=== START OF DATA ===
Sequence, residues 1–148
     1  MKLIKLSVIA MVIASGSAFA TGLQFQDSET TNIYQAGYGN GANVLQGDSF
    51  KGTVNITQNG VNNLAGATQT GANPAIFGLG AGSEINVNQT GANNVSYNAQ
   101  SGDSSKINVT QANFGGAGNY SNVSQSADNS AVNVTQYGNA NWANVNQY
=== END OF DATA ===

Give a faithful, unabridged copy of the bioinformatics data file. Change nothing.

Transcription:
Sequence, residues 1–148
     1  MKLIKLSVIA MVIASGSAFA TGLQFQDSET TNIYQAGYGN GANVLQGDSF
    51  KGTVNITQNG VNNLAGATQT GANPAIFGLG AGSEINVNQT GANNVSYNAQ
   101  SGDSSKINVT QANFGGAGNY SNVSQSADNS AVNVTQYGNA NWANVNQY